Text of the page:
Something good could happen

Roger Schlesinger
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Posted: Aug 10, 2007 12:39 PM
Something good could happen

Although it appears to be nothing but doom and gloom for housing and the mortgage industry I believe we have some good things about to happen to turn it all around. The Federal Reserve has given the opinion they aren't interested in fixing the problem, so be it.

They could, however, show a bit more concern over the problems the industry(s) are facing and drop the thought that inflation is the only problem in the world. Or at least the only one worth spending their time or effort to keep under control. Whether anyone realizes it, housing is the middle classes bank. The majority of their wealth is in their house.

Last night and this morning, right after I wrote the opening paragraph of this article,the Fed made a major intervention to correct what I see is a problem that they themselves exacerbated by their remarks. In my previous article I stated that the mortgage pools were not getting any bids on Wall Street and that affected all the mortgages in this Country except the conforming loans and some portfolio loans.

Countrywide came out and stated they were going to have interruptions in their business because of the lack of liquidity as did Washington Mutual, so the Federal Reserve using one of their two powers, regulating the money supply, went to the banks and bought $19 billion of mortgage backed securities. That will get the mortgage market moving again. Writers note: I had nothing to do nor do I take any credit for the Federal Reserves action. (As if anyone would have believed it anyway!)

Now for the good news which will be coming from the bond market, Fannie Mae and Freddie Mac and the major lenders in this Country. Let me start with the major lenders and what they are going to do to help those who have been "stranded" by the quick and I dare say hazardous action of about 30 states in disallowing stated loans for both employed and self employed borrowers. Not a great idea without at least a grandfathering in of those who have had these loans before and still own their house. Without the ability to use stated income for a self employed borrower how would they qualify? They write as much off as possible and do not show great earnings, yet on the whole they are exemplary borrowers.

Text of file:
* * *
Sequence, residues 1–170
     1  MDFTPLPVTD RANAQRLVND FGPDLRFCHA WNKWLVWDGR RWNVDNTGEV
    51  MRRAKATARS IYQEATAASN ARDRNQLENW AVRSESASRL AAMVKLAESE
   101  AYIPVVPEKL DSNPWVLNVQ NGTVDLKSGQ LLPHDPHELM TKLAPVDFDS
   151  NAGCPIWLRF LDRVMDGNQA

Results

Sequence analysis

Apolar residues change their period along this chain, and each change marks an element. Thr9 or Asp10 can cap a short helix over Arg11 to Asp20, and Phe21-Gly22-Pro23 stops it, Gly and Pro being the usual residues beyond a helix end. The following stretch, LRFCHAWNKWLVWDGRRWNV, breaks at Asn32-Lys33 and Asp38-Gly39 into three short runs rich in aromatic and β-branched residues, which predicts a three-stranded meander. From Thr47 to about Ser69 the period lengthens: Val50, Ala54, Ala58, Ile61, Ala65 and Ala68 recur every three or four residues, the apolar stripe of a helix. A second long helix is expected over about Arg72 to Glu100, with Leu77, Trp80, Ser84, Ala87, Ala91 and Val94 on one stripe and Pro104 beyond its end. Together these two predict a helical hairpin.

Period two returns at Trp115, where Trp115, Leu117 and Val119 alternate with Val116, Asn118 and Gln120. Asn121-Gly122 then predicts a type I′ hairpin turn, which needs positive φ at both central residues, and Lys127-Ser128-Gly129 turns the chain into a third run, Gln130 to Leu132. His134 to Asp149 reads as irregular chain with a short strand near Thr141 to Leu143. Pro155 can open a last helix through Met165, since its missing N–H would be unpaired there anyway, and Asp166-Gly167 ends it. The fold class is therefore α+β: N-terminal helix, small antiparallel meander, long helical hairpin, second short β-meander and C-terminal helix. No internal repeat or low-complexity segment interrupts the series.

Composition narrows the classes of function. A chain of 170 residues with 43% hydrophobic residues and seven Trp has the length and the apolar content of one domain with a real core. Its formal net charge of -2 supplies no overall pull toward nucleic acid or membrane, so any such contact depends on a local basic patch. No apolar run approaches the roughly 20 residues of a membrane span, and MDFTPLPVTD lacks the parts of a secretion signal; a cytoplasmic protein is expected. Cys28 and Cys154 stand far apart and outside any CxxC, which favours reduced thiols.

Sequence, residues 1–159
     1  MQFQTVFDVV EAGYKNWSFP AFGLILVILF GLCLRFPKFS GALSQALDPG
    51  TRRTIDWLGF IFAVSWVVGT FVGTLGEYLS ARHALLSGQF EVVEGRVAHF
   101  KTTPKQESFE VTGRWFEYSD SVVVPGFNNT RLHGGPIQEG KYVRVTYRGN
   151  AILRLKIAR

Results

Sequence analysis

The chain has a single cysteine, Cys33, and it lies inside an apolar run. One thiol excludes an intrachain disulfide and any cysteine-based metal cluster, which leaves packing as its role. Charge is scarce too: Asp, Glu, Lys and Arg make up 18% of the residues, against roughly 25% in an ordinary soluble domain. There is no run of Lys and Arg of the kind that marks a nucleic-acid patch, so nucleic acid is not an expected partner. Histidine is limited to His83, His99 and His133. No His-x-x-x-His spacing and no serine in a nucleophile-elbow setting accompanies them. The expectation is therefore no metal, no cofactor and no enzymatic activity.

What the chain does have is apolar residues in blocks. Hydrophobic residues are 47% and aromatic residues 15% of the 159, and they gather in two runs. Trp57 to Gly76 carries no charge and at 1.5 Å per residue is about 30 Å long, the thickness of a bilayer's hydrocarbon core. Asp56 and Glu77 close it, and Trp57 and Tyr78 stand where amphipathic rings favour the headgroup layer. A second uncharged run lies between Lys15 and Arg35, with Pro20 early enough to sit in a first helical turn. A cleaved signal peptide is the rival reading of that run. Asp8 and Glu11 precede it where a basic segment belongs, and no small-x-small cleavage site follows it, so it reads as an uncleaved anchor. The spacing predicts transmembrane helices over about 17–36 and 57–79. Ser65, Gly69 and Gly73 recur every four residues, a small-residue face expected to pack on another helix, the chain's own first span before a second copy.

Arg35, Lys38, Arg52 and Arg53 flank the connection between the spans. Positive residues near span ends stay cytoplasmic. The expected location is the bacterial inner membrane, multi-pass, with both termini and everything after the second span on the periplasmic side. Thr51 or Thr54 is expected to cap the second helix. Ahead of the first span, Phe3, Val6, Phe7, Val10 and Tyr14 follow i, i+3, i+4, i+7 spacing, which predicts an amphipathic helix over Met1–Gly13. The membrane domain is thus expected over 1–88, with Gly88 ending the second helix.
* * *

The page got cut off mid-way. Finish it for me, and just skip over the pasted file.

The major prime lenders are taking a page from the sub-prime lenders and allowing stated borrowers to qualify with 12 to 24 months bank statements. In these statements one can ascertain the cash flow of the borrower which is what a borrower uses to pay their bills.

I applaud the quick response to the over reaction of the states.

The bond market is the next one to act as they, as a whole, in reality, set the interest rates in our Country. They have moved to a very high probability of the Federal Reserve cutting interest rates in September and , if this holds, will put tremendous pressure for the Fed to respond with a rate cut, their other power. The unwritten thesis on Wall Street is that the bond market is generally correct and the stock market and others conform to the bond market. This will certainly get the skittishness off of the real estate market and get back to where it was just a month or so ago. It doesn't mean that the Fed will be stepping in to bail out the real estate market it simply means they see a need to at least take the panic out of that sector.

Last is the long term hope for a more orderly mortgage market in Fannie Mae and Freddie Mac. They are the major purchasers of conforming loans, those loans that conform to their rules, and currently have two sets of upper limits. Forty Eight states have a $417,000 limit for single family residences and higher limits for duplexes, triplexes and four-plexes, while Hawaii, Alaska, Guam and the U.S. Virgin Islands are considered high cost states. Huh???

As high cost states their limits are 50% higher. Congress has been talking about raising the limits on additional states but hasn't ever gotten around to it.

The number one state that needs to be a high cost state is California, where nearly half of the jumbo loans in America exist. New York, New Jersey, Connecticut and Massachusetts need to be in there also. If we could get the increase in the states that put an extra burden on the mortgage backed pools (where the problem currently lies) then a quicker permanent solution would be in place.

Should the aforementioned increases not be politically popular (we have politics in everything) then a general lifting of the Fannie Mae and Freddie Mac limits should be put in place even if it is a lower number than the high cost areas. Reducing the stress is what is needed. Its good for individuals and its good for business as well.

Now that we have an open wound let's cure it and forget the bandages. Festering of an open wound is more dangerous than the initial wound. Let's not let that happen.